Constitution Lakes is a DeKalb County park that, according to the people who know it and love it, has tremendous potential. It’s not the kind of park with athletic fields and pavilions but a natural site that many consider a nature preserve.
However, its potential is marred by invasive plants and debris from people who have used it as a dumping ground.
Thanks to a Nature Conservancy initiative launched on Earth Day, April 22, Constitution Lakes and several other parks and outdoor spaces in DeKalb County and Atlanta connected to the South River will receive funding and support. The conservancy is a global conservation organization that works to protect ecologically important lands and water.
The new South River Neighborhood Network initiative is part of the conservancy’s global conservation in cities program. The project includes:
- Chapel Hill Park in Decatur—trail creation to better connect residents, many of whom are seniors, to the park
- Sugar Creek Farm at the Wylde Center in Decatur—native plant pollinator garden
- Constitution Lakes Park in southeast Atlanta—invasive species removal/native plant project to improve existing habitat/nesting areas for birds and wildlife
- East Lake flood plain—funding installation of native plants, interpretive signage and cistern repair
- Thomasville Heights in southwest Atlanta—trail creation and neighborhood beautification
The conservancy is also in preliminary talks with Pine Lake residents about a project, possibly having to do with the wetlands there.
Joy Carter, founder of Friends of Constitution Lakes, said the conservancy’s commitment to help rid the property of plants such as non-native privet is significant.
Carter explained that Constitution Lakes is a 200-acre scenic wetland located off Moreland Avenue that once was a brickyard, then a farm, then a place for hunting and fishing and a dumping ground for items such as tires and even a boat and car. She said the DeKalb County purchased the property in 2003 and Friends of Constitution Lakes have been diligently working to clean it up for years, holding events to remove tires, bricks and invasive plants.
“It’s a very scenic park,” said Carter. “Most people don’t know about it.”
Now the property is a popular spot for hikers, dog walkers and geocachers as well as urban artists who have transformed bricks and other found objects on the site into random “quirky” art installations, according to Carter. There’s even a trail marked by a collection of dolls’ heads that were found on site.
“It’s on the South River. People don’t realize Atlanta has more than the Chattahoochee,” said Carter. “It’s been an abused river.”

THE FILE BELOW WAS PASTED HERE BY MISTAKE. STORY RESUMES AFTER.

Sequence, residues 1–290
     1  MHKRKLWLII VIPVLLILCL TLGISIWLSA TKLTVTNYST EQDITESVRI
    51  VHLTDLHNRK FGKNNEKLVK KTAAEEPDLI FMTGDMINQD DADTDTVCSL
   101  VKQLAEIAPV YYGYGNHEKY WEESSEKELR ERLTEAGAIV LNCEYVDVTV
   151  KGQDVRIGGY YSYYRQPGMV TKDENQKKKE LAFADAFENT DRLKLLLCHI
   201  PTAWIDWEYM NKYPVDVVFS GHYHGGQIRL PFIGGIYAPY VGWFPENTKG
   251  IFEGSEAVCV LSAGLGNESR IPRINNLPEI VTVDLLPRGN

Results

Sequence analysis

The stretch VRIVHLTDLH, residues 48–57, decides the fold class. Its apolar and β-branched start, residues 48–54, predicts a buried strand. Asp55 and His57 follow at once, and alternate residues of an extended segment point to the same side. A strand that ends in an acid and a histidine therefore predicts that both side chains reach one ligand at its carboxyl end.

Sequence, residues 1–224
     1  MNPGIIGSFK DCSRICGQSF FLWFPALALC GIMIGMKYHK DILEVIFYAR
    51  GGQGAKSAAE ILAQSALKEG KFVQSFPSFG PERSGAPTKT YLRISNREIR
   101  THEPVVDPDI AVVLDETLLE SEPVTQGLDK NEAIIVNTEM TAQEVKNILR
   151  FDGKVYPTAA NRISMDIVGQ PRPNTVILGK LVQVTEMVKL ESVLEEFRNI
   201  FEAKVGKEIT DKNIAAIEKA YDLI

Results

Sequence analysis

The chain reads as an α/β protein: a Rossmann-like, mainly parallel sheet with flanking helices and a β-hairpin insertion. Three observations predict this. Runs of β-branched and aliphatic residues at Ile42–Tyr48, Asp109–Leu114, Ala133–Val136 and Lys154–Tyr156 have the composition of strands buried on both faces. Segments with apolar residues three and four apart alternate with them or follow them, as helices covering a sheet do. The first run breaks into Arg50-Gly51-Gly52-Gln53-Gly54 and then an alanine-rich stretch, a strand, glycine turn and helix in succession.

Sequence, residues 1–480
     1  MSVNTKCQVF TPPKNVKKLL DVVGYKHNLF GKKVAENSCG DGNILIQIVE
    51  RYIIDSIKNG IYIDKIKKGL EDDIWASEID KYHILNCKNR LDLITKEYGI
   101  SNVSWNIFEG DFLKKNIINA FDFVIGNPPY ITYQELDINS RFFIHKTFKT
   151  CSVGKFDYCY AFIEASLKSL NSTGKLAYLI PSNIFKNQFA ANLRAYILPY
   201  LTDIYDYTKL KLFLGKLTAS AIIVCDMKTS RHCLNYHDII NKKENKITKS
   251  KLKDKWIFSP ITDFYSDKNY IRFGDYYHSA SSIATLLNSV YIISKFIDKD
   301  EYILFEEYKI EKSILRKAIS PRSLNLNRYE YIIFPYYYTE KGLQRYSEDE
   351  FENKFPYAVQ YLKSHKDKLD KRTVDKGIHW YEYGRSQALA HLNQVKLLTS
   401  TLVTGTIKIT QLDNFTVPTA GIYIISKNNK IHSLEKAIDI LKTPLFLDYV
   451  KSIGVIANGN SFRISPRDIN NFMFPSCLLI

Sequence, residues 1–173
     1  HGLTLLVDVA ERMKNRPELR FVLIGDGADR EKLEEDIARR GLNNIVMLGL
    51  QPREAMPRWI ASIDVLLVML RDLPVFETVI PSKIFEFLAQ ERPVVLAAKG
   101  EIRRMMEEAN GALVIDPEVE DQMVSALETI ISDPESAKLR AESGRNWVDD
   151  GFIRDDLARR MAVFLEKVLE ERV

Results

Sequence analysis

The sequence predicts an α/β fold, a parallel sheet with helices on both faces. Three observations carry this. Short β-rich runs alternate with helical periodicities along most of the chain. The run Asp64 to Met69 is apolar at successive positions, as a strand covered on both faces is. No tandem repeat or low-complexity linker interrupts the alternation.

Carter said she’s most excited about the Nature Conservancy’s ability to “help to string together groups working in different areas along the South River.”
Nature Conservancy officials said all projects are community-driven and address environmental issues, including forest protection and restoration, pollinator habitats, greenspace management, invasive species, neighborhood beautification and water quality in the network of streams and forests that support DeKalb County and south Atlanta communities. The conservancy plans to hold community events throughout 2017 to engage local residents in the shared benefits of public green spaces.
Myriam D. Dormer, urban conservation director for the Nature Conservancy, said that her organization is seeking to get more people interested in the impact on natural resources and quality-of-life issues by introducing them to projects in their backyards. Demonstration projects can open people’s eyes to local, regional and national issues, she said.
“I think what’s really exciting about these projects is the community really indicated that these projects they care about,” said Dormer.
Jackie Echols, Ph.D., president of the board of the South River Watershed Alliance, said she is pleased that energy, effort and time are being focused on urban areas, particularly the South River.
“It’s good,” Echols said. “It’s something they haven’t done in urban areas where most people live and the environment is most impacted.”
The conservancy also is in talks with the Greater Hidden Hills Community Development Corporation (GHHCDC) regarding partnering on visual improvements along S. Hairston and Redan roads in Stone Mountain. Dormer described it as beautification for economic development and said the goal of the “streetscaping” is to attract private investment in nearby strip malls.
Jan Costello, president of GHHCDC, said with the conservancy’s support her group is proposing to build a “green room” as part of a heavily used MARTA bus shelter. It would involve adding border plants, more seating and installing a concrete floor.
“Right now all it is, is red dirt and patches of weeds,” said Costello. “It’s just a muddy mess.”
“When an area looks pretty and cared for your impression of the community is more positive,” said Costello, adding that the goal is to attract both customers and businesses to area shops.
GHHCDC already has spruced up a 400-foot-long median in the area.
Other partners the conservancy is working with on these projects include DeKalb County, Chapel Hill Park Friends Group, Wylde Center, Emory University, city of Atlanta, Atlanta Canopy Alliance, Audubon Society, Thomasville Heights Civic League, Georgia Institute of Technology, UGA, the Conservation Fund, American Rivers and Trusts for Public Land.
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